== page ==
The same understanding is reflected in the concept of the marriage veil, which exists in Jewish law as well as in secular law (or did, until recently). The child of a man's wife is, in Jewish law, presumptively his child unless he chooses to challenge paternity. And an accusation of adultery against a man's wife can only be brought by that man. The structure thus produced can certainly be criticized for giving the man too much power; if he is a brute, and suspects that he has been dishonored, he could do terrible harm to his wife and to her bastard child by bringing even a justified accusation. But if he's generous, and loves his wife, he can overlook her transgression, and nothing the other man can say can then break up his still-intact family. The incentives are designed to keep the family together: to keep the children of one woman under one roof with one man. The system does not always work, but that's what it's intended to achieve.
I think this history sheds a little light on the public-policy rationale for forbidding adultery. Adultery may well be an unpardonable offense to the betrayed party, but that's not the business of the state. It may also be a prima facie affront to God, but that is also not the business of the state. But an adulterous union raises the prospect of issue who cannot be brought under the unified care of its natural parents through their marriage, because the parents in question cannot legally marry. And that - the interests of such potential issue - is the business of the state.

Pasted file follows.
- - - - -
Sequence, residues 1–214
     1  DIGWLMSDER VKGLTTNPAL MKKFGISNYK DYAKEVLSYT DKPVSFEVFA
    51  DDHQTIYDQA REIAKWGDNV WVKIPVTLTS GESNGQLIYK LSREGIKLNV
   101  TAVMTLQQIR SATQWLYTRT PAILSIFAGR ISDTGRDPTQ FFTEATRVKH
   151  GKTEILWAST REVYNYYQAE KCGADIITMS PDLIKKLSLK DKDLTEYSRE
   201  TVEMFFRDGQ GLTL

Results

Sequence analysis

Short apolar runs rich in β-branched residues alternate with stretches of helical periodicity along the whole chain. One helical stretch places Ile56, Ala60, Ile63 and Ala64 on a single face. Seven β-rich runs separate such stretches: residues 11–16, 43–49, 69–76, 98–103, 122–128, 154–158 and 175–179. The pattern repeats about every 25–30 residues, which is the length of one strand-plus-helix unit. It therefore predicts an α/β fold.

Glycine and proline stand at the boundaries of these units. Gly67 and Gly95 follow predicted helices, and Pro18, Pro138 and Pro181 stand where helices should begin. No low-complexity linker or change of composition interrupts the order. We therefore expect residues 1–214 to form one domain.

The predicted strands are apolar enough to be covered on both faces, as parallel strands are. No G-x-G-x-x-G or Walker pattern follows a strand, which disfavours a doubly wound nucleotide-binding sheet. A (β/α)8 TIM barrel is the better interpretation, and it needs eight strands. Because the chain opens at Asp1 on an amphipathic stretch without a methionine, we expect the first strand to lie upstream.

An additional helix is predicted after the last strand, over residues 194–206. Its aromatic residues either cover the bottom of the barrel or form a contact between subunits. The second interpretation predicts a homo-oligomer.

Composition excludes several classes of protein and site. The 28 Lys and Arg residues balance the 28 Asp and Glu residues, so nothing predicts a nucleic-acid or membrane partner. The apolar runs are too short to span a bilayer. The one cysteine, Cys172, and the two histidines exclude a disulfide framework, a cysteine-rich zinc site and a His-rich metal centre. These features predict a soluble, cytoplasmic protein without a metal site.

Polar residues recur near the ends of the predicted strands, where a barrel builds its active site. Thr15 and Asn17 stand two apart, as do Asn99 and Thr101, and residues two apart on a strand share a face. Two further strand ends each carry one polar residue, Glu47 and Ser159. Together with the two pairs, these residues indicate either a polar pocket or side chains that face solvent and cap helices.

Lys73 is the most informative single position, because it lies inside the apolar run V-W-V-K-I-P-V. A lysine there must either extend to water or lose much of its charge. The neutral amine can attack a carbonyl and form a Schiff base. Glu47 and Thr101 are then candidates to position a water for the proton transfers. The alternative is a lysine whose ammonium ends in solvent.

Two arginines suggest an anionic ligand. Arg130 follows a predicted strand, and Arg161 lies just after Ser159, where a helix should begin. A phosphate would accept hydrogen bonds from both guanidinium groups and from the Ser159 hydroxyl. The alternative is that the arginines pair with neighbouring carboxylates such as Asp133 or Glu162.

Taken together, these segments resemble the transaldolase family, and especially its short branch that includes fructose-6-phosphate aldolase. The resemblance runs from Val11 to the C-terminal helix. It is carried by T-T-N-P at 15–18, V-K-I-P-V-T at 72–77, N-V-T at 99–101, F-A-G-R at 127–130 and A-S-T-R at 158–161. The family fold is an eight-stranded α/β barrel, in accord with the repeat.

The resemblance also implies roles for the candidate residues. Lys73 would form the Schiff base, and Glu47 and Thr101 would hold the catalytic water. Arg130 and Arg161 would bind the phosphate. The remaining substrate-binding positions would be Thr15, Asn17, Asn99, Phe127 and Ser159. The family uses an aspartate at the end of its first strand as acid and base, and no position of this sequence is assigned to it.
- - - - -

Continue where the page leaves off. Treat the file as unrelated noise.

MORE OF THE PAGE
Well, you might say, that all may have been true generations ago, but these days procreation and intercourse are pretty well divorced from one another. Why should the state take an interest now?
"Procreation and intercourse are pretty well divorced from one another." An interesting assertion, often made, infrequently examined. What are the presumptions inherent in this statement? Contraception is not, after all, foolproof, and abortion is, let's say, morally complicated. We increasingly go about assuming that if a woman bears a child - because she has chosen to have intercourse, failed to use contraception, and decided not to have an abortion - that's her choice and her business. She could, after all, have chosen otherwise, at her sole and free discretion; the kid, therefore, is her problem. The state may have an interest in making sure the father pays for the mess he made, and may be willing to enforce his paternal "rights" - visitation, etc. - but the underlying assumption is still that women make babies, and men are ancillary figures.
In that view of the world, it's true, there's no reason to forbid adultery. If fatherhood is abolished, what difference does it make how women make babies? But is this a view of the world we want to endorse? Do we want to abolish fatherhood? Is the abolition of fatherhood mandated by the Due Process clause of the 5th Amendment, or the Equal Protection clause of the 14th Amendment?